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Our Consultation Work with Children and Young People

We work to ensure participation is at the heart of our projects and shapes our policy positions

STEM Strategy Consultation - Young People

As part of the wider consultation process for the Strategy, ‘A STEM Education and Training Strategy for Scotland’, the Scottish Government commissioned Children in Scotland to carry out research on children and young people’s experiences of Science, Technology, Engineering and Maths (STEM)-related learning and their awareness and understanding of STEM jobs.

The aim of Children in Scotland’s research was to ensure that children and young people’s voices are heard by policymakers, and the project involved a series of engagement activities with children and young people to gather their views and attitudes on learning, work and their lived experience of STEM.
Children In Scotland worked with over 70 children and young people; this included children and young people from P3 to S2 in Edinburgh, Glasgow and Dumfries and Galloway. The work covered things that help learning or are barriers to learning in STEM and knowledge and attitudes towards STEM related jobs.
The research conclusions highlight the need for:
·      support for schools to do more Engineering activities and make Maths as interesting and enjoyable as possible
·      encouragement of more women to become Science, Technology, Engineering and Maths teachers and men into primary teaching
·      supporting boys and girls to think about the types of jobs involving Science, Technology, Engineering and Maths
Our Participation And Engagement staff really enjoyed this work with the children and young people. They especially enjoyed getting their hands dirty with some of the experiments involved!

Jane Miller, Assistant Policy Officer said: "It was fantastic to find out from children and young people about their experiences of STEM, especially as there are so many possibilities for all young people within the STEM fields!"

Read our report

Read our children and young people-friendly version of the report


School Nurses Review

To inform the Scottish Government review of school nursing across Scotland, Children in Scotland was asked to speak to children and young people to find out how the school service works in their school and what they think could be better. 

The consultation explored the following areas: 

    •    What school nurses do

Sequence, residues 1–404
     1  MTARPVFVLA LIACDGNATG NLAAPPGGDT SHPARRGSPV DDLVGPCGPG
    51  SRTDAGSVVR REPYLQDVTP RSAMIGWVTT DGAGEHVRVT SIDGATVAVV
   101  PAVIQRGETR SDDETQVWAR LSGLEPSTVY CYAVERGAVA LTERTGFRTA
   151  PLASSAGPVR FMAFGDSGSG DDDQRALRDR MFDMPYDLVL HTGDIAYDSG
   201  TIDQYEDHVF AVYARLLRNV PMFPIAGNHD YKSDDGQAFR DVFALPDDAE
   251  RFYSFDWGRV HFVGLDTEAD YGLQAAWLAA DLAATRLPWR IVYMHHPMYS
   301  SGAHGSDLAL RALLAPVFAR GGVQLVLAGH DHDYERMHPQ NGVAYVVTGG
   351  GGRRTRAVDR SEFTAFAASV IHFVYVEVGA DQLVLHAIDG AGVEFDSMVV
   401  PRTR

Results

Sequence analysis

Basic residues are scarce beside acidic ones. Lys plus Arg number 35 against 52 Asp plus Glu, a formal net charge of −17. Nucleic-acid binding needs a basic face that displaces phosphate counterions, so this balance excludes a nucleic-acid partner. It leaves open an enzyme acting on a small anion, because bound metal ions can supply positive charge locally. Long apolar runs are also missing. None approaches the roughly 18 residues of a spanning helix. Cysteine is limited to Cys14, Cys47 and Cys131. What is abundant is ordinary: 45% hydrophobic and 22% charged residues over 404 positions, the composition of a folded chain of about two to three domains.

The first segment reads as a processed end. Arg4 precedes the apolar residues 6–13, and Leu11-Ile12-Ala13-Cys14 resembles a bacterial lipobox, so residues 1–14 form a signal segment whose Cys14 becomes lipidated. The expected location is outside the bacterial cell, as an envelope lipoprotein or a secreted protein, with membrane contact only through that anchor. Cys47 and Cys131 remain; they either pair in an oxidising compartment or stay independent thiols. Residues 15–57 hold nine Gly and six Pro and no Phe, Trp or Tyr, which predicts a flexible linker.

•    What types of issues they help with 
    •    What children might like to know about the school nurse role 
    •    What might stop young people seeking help from the school nurse 
    •    How should school nurse services be accessed.

We spoke to 34 children and young people in schools from P6 to S6, across Perth & Kinross and Dumfries & Galloway. Our sessions used participative and creative methods to allow children to share their thoughts and ideas.

Download the final report

Download the children and young people's report


Children in Scotland Consultation with Children and Young People on Wellbeing 
Last October, the Scottish Government asked Children in Scotland to consult with children and young people to help inform the development of their new 10-year mental health strategy from the perspective of younger aged children. 
We spoke to 49 children, from P3-P7 in two primary schools in Glasgow and Dunoon. We also considered the views of children and young people from other youth led organisations. 
The consultation explored what helps children to feel happy, healthy and safe. The issues they would like help with and the types of support that can help them. Based on what we heard we made a number of recommendations to the Scottish Government.
We also produced a report, Feeling Happy, Healthy and Safe, feeding back on the findings to children and young people.
Read the report
Children’s and Young People’s Voices and Experiences of Bullying and Harassment in Schools
Children in Scotland was asked to provide a report to the Scottish Parliament's Equalities and Human Rights Committee as part of its inquiry into bullying and harassment of children and young people.
The report brings together children’s and young people’s voices and experiences of bullying and harassment in school settings. It explores contexts, barriers to change and perspectives on what would help address concerns.
The study found that children experiencing bullying and harassment in Scottish schools are targeted on the basis of physical appearance, sexuality and identity, and the presence of an additional support.

It was discussed by the parliamentary committee on Thursday 22 June at a session attended by John Swinney, Cabinet Secretary for Education and Skills.